College admission myths debunked

Colleges aren’t looking for extracurricular overload from their applicants this year, the Washington Post and Forbes magazine report. Misled students could be surprised to find that pursuing a few serious interests is favorable to a hefty resume. According to the Forbes article, “7 College Admissions Myths,” colleges are not looking for well-rounded students.

“They’re looking for the well-rounded class,” the article stated. “The word they most often use is passion.” They are also looking for students that challenge themselves in favor of trying to achieve the highest GPA. “Just don’t fail.”

Most West Shore students pursue many clubs and accelerated classes to boost college chances. Freshman Kaitlin Inganna is involved in eight sports and clubs, as well as three honors and AP courses. “I enjoy being involved,” Inganna said, “and I want to have an appealing college application.”

Junior Dakota Helbig shares similar ideas. He is involved in the school’s band program and pit orchestra, and “taking a lot of AP classes.” He maintains that colleges are looking for “someone with good grades, who is serious about education, and is well-rounded.” His dream school is Massachusetts Institute of Technology, as he aims to become an engineer, but “MIT is an expensive college and very competitive.” Realistically, Helbig said, he plans to attend the Florida Institute of Technology or the University of Florida.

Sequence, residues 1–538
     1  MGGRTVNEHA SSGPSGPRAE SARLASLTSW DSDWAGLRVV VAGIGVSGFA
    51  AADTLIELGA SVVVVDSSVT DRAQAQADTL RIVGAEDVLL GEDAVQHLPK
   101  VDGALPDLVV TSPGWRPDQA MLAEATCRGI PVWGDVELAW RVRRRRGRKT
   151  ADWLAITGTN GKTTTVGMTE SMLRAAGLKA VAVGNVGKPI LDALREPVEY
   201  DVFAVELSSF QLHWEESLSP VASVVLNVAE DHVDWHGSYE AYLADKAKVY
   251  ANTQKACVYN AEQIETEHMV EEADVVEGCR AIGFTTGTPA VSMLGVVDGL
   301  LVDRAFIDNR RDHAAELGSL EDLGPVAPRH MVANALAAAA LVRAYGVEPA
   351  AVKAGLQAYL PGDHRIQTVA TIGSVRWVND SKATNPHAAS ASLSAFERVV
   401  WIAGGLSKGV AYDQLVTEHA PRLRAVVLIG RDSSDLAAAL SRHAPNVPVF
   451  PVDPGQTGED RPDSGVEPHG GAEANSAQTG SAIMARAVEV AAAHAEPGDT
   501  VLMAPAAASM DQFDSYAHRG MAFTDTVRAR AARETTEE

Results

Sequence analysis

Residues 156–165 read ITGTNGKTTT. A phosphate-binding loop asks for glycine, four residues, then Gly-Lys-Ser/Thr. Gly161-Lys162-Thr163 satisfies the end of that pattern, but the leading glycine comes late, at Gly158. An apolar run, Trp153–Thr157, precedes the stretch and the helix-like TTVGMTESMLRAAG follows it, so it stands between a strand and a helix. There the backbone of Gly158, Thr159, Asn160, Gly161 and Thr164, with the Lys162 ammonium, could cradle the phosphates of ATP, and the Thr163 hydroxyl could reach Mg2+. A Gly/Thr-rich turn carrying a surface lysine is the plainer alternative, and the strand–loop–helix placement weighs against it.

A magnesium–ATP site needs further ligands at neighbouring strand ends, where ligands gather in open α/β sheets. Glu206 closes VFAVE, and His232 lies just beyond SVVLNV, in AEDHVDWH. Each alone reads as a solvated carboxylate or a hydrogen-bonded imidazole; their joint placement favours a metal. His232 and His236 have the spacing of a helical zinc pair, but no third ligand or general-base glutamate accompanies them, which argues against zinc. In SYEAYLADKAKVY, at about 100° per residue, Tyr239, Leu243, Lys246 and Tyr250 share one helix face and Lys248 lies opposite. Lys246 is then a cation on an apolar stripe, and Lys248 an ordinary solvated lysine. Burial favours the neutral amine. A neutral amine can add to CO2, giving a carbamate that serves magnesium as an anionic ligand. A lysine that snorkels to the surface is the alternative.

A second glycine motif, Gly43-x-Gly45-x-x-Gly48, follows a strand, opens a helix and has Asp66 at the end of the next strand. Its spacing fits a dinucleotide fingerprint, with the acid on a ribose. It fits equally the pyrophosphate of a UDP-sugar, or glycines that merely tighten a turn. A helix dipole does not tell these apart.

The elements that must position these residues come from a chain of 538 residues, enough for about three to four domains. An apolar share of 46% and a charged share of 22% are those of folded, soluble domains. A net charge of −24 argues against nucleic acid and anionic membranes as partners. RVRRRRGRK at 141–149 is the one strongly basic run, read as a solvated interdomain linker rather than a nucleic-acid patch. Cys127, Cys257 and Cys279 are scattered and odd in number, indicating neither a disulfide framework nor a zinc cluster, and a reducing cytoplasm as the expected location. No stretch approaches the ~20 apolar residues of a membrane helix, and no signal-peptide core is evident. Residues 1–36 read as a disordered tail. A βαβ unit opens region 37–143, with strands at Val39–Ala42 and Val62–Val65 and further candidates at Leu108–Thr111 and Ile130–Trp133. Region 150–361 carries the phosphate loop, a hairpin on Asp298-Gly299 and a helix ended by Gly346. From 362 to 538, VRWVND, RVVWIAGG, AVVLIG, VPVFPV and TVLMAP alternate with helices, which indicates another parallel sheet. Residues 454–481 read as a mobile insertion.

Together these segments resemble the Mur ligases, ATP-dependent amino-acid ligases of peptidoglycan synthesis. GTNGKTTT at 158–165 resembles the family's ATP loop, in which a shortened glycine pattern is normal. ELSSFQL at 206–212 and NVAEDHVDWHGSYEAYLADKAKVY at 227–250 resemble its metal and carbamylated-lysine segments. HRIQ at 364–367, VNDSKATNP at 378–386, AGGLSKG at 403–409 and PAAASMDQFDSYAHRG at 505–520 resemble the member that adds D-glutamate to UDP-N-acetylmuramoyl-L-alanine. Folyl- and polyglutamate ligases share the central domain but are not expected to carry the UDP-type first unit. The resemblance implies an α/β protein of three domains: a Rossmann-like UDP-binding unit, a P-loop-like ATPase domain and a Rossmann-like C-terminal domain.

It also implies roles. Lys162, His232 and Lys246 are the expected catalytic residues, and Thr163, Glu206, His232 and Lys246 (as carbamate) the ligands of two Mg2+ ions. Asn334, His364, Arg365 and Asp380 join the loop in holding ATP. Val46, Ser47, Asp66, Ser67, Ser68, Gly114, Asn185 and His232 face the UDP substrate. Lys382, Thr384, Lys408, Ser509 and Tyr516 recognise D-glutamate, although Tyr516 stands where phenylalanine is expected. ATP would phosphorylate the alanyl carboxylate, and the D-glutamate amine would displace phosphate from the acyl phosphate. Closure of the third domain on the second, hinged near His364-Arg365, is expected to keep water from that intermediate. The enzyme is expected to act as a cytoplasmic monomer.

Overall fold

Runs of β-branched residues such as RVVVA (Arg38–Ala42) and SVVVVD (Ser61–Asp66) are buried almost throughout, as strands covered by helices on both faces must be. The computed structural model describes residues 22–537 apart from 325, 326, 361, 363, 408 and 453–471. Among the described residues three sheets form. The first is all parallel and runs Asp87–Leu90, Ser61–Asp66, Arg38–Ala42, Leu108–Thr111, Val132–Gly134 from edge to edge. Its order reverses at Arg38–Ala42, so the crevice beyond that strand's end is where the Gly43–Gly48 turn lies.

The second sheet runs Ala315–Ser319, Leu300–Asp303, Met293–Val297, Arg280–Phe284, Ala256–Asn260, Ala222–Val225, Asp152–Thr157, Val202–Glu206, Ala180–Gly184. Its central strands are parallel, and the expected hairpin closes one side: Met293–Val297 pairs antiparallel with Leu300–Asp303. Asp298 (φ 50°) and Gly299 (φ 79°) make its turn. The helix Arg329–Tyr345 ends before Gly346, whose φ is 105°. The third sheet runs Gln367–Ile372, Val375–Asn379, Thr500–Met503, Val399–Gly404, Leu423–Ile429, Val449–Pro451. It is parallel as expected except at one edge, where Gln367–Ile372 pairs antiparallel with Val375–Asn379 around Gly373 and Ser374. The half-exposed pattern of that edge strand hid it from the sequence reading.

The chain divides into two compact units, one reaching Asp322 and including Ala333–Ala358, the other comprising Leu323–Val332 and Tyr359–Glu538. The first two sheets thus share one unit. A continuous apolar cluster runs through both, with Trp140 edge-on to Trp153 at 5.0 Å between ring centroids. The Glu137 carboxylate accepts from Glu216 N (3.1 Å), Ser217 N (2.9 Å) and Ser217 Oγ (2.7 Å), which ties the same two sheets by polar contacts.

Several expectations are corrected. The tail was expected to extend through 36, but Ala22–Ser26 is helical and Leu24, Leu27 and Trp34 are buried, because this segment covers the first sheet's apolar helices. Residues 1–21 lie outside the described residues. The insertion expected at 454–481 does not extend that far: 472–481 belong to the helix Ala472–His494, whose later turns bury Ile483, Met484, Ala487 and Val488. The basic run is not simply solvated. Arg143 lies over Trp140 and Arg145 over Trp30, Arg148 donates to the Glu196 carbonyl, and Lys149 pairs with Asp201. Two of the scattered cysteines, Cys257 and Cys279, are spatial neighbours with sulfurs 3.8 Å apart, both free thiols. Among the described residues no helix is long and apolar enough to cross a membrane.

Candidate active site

But the high price of tuition is another myth, according to The Washington Post. The article states that students rarely pay the “sticker price” listed on informational websites like U.S. News & World Report, and end up getting a rate reduced by an average of 40 percent. In addition the article recommends that everyone should fill out the free application for federal student aid, even if you think you won’t qualify. More than 1.8 million students who would have qualified for federal financial did not apply.

Students may find these tips helpful in gearing their mindset and schedule as they inch closer to filling out college applications.

“Here is help,” the Post stated, “for the frantic seniors and their parents who are spending practically every waking moment fixated on getting into college… and for younger students who will eventually be in the same boat.”

By Meaghan Pickles